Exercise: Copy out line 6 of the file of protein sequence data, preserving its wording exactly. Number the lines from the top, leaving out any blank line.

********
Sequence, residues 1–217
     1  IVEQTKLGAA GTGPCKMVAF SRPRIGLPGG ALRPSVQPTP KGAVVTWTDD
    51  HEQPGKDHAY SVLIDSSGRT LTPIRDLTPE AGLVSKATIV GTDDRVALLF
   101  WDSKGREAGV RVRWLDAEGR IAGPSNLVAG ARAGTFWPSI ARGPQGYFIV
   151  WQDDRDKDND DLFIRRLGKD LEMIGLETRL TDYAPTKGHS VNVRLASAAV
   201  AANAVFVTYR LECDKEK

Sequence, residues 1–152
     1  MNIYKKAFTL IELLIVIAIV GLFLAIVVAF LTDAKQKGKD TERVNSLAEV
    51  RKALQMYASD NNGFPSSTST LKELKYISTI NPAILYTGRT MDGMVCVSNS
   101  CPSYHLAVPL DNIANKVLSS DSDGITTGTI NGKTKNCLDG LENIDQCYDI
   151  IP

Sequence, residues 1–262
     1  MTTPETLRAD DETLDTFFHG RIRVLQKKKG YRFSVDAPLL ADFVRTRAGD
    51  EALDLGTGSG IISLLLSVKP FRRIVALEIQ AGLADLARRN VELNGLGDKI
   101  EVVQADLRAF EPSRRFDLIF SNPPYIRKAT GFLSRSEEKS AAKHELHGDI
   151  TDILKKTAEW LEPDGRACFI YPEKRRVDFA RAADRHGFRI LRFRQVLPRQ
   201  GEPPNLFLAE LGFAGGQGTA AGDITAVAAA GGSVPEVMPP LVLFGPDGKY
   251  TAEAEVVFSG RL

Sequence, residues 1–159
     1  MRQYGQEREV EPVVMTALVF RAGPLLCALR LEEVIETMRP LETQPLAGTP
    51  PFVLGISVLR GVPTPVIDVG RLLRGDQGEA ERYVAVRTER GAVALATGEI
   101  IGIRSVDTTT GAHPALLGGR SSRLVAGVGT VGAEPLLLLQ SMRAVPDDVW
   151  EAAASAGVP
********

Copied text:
   201  AANAVFVTYR LECDKEK